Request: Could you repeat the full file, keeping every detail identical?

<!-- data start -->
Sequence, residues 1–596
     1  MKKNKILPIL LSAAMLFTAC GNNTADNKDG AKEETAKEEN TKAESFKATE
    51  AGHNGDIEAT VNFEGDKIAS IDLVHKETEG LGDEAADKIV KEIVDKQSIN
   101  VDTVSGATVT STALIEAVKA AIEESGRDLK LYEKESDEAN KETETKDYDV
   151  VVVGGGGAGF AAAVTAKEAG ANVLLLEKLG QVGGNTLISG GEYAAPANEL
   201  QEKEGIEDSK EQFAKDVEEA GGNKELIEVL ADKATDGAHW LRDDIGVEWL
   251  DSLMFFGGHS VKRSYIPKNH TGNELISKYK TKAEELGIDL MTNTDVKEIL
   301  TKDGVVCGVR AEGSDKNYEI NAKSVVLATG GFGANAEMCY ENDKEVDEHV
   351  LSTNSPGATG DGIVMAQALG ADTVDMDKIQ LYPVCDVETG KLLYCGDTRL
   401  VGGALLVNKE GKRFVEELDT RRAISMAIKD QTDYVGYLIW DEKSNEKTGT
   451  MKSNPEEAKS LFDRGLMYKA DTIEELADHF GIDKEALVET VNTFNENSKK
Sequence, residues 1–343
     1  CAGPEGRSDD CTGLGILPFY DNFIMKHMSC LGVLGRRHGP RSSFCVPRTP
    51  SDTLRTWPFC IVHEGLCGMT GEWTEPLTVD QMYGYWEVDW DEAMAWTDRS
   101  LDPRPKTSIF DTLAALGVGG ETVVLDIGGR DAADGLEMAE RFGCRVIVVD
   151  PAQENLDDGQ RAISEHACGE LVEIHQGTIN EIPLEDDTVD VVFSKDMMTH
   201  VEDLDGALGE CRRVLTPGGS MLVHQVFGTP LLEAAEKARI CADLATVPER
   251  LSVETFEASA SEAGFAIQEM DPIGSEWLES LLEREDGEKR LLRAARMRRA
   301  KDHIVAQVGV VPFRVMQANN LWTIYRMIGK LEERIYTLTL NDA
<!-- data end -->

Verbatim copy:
Sequence, residues 1–596
     1  MKKNKILPIL LSAAMLFTAC GNNTADNKDG AKEETAKEEN TKAESFKATE
    51  AGHNGDIEAT VNFEGDKIAS IDLVHKETEG LGDEAADKIV KEIVDKQSIN
   101  VDTVSGATVT STALIEAVKA AIEESGRDLK LYEKESDEAN KETETKDYDV
   151  VVVGGGGAGF AAAVTAKEAG ANVLLLEKLG QVGGNTLISG GEYAAPANEL
   201  QEKEGIEDSK EQFAKDVEEA GGNKELIEVL ADKATDGAHW LRDDIGVEWL
   251  DSLMFFGGHS VKRSYIPKNH TGNELISKYK TKAEELGIDL MTNTDVKEIL
   301  TKDGVVCGVR AEGSDKNYEI NAKSVVLATG GFGANAEMCY ENDKEVDEHV
   351  LSTNSPGATG DGIVMAQALG ADTVDMDKIQ LYPVCDVETG KLLYCGDTRL
   401  VGGALLVNKE GKRFVEELDT RRAISMAIKD QTDYVGYLIW DEKSNEKTGT
   451  MKSNPEEAKS LFDRGLMYKA DTIEELADHF GIDKEALVET VNTFNENSKK
Sequence, residues 1–343
     1  CAGPEGRSDD CTGLGILPFY DNFIMKHMSC LGVLGRRHGP RSSFCVPRTP
    51  SDTLRTWPFC IVHEGLCGMT GEWTEPLTVD QMYGYWEVDW DEAMAWTDRS
   101  LDPRPKTSIF DTLAALGVGG ETVVLDIGGR DAADGLEMAE RFGCRVIVVD
   151  PAQENLDDGQ RAISEHACGE LVEIHQGTIN EIPLEDDTVD VVFSKDMMTH
   201  VEDLDGALGE CRRVLTPGGS MLVHQVFGTP LLEAAEKARI CADLATVPER
   251  LSVETFEASA SEAGFAIQEM DPIGSEWLES LLEREDGEKR LLRAARMRRA
   301  KDHIVAQVGV VPFRVMQANN LWTIYRMIGK LEERIYTLTL NDA